With less than a month to go before the start of the controversial 2022 World Cup at QatarThe country is not only experiencing an international boycott due to the lack of respect for human rights. A new threat is looming over the country which, with a global event such as the World Cup, can expand rapidly. With what has happened in the last three years, the name is already frightening: Middle East respiratory syndrome coronavirus.. The World Health Organization (WHO) warns that it has a rate of mortality rate of 35%. among infected. For this reason, several countries are already recommending to follow strict hygiene measures and social distance.
The virus is not new, it was first detected in. Saudi Arabia in September 2012. Since then and until last May, the WHO has been aware of 2587 cases y 891 deaths. In other words: this coronavirus kills 35% of infected persons. In this line, 27 countries have reported cases of MERS-CoV, as the disease is called by its acronym. In fact, Europe is not spared from this coronavirus: France, Italy, the United Kingdom, the Netherlands and Austria have reported infected persons.
Contact with dromedaries
As far as Qatar is concerned, a opaque country not only in human rights, but also in freedom of the pressthe authorities have communicated 28 cases y seven persons deceased. The latest spike, with one fatality and one ill person, occurred this May.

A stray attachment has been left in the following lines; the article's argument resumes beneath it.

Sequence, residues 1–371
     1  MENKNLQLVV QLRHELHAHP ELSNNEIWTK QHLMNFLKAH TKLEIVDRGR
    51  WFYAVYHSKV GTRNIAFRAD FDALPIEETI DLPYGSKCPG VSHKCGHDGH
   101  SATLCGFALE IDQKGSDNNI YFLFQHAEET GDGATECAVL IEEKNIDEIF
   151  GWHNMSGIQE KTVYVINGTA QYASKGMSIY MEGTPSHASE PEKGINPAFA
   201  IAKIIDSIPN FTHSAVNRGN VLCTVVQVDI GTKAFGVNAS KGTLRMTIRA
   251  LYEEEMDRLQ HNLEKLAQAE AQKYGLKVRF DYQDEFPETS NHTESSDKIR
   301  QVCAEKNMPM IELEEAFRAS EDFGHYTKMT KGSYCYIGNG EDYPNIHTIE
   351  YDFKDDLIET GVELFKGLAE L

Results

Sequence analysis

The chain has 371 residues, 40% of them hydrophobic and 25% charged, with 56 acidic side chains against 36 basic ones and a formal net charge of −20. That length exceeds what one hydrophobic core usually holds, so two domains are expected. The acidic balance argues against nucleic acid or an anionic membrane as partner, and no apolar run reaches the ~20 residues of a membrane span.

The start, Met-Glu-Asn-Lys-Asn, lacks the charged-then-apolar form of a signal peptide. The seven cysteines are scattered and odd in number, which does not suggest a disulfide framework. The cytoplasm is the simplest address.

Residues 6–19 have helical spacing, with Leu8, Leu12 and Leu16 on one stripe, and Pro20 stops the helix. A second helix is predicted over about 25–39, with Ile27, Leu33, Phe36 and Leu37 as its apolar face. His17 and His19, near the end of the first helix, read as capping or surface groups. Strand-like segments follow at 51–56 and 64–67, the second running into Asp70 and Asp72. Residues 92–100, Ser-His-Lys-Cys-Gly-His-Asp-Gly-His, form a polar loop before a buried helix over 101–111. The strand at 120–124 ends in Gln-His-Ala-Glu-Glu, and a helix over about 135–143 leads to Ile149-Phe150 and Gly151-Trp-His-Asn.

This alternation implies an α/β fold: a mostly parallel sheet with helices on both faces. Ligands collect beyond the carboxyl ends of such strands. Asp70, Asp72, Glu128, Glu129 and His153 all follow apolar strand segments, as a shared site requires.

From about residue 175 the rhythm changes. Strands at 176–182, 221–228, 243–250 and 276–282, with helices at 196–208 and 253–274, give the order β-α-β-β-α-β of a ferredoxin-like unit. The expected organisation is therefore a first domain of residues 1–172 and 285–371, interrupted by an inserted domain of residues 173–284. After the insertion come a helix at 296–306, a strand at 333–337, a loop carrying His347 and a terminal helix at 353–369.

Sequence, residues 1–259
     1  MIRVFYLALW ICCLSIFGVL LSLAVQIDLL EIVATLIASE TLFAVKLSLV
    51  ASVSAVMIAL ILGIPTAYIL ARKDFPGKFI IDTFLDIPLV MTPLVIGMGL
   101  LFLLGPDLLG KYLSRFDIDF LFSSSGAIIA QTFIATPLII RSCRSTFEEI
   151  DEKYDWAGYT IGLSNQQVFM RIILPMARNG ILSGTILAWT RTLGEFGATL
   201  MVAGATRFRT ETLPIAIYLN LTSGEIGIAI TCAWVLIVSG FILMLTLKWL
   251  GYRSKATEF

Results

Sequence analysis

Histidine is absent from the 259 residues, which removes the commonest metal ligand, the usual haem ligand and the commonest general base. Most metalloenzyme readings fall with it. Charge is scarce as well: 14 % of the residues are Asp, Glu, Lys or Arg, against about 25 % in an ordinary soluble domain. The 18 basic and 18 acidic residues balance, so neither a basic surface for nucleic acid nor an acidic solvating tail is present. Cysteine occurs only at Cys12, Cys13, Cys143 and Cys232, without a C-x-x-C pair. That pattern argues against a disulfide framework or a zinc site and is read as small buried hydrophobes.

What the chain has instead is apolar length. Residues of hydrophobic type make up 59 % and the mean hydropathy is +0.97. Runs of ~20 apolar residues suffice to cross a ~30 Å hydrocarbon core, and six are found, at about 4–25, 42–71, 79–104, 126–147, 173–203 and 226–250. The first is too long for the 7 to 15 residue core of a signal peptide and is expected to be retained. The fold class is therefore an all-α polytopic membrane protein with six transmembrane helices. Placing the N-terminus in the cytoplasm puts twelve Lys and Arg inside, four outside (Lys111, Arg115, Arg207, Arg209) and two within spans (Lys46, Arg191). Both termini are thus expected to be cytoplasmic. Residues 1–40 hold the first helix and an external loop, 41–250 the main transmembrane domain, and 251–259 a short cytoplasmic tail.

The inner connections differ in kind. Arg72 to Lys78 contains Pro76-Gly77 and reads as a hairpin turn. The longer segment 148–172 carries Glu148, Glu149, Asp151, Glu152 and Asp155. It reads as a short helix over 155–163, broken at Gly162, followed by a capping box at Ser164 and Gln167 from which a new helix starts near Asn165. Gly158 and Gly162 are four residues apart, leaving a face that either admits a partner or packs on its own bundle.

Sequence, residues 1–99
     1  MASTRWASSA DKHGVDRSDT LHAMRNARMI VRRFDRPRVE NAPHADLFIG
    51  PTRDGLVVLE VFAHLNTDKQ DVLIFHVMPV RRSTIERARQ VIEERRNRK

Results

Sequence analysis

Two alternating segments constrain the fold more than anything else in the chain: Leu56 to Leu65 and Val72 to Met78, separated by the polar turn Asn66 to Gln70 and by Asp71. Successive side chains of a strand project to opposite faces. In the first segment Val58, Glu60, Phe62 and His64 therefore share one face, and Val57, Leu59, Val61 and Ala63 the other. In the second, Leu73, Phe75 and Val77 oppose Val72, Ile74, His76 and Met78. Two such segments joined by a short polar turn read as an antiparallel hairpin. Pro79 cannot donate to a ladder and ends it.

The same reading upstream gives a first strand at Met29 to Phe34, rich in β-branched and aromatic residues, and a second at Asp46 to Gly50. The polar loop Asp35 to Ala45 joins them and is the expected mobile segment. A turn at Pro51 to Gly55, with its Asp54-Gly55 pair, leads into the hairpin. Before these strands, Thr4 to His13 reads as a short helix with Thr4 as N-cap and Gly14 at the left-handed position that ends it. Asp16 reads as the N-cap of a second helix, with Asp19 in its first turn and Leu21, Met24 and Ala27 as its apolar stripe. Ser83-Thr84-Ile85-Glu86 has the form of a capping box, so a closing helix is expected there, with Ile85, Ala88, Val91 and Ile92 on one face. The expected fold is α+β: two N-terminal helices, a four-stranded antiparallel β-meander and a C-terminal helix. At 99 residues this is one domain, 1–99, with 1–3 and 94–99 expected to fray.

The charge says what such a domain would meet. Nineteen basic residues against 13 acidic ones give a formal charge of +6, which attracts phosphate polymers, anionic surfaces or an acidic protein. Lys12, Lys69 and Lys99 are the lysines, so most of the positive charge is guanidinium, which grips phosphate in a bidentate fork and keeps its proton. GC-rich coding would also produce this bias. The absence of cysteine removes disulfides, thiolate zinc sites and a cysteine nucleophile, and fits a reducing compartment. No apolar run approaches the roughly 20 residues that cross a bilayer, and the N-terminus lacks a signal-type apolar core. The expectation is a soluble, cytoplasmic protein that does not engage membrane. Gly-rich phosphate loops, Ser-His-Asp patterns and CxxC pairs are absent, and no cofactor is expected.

In all cases, there is a common link: those infected had. direct contact with dromedaries. Specifically, they drank raw milk of these animals. Hence, Middle East respiratory syndrome is popularly known as the ‘.camel virus‘.
Zoonotic and human-to-human transmission.
Different investigations and the WHO itself have confirmed that this coronavirus has an zoonotic transmission. That is, from animals to humans. Studies have shown that the human beings become infected through direct or indirect contact with infected dromedariesalthough the exact route of transmission is still not well known.
“Person-to-person transmission is possible and has taken place predominantly between direct contacts and in healthcare settings. Beyond that, the person-to-person transmission has been limited,” WHO specifies.
How the ‘camel virus’ affects and what measures to take.
MERS is a severe acute respiratory infectious disease. Typical symptoms of ‘camel virus’ include fever, cough and respiratory distress. Pneumonia is common, but patients do not always develop pneumonia, says WHO, which reports that the following have also been reported gastrointestinal symptoms.
Experts recommend that people traveling to Qatar, in addition to keeping a social distance, stay away from camels and dromedaries. It should be noted that one of the typical activities in this country are rides on these animals.
“That is the advice of common sense to reduce the risk of contracting the virus. It is a nasty virus, much more lethal than covid, with a very high mortality rate, and there is currently no effective vaccine,” he warns. Paul Hunterprofessor at the University of East Anglia, in statements to the British newspaper ‘The Sun’.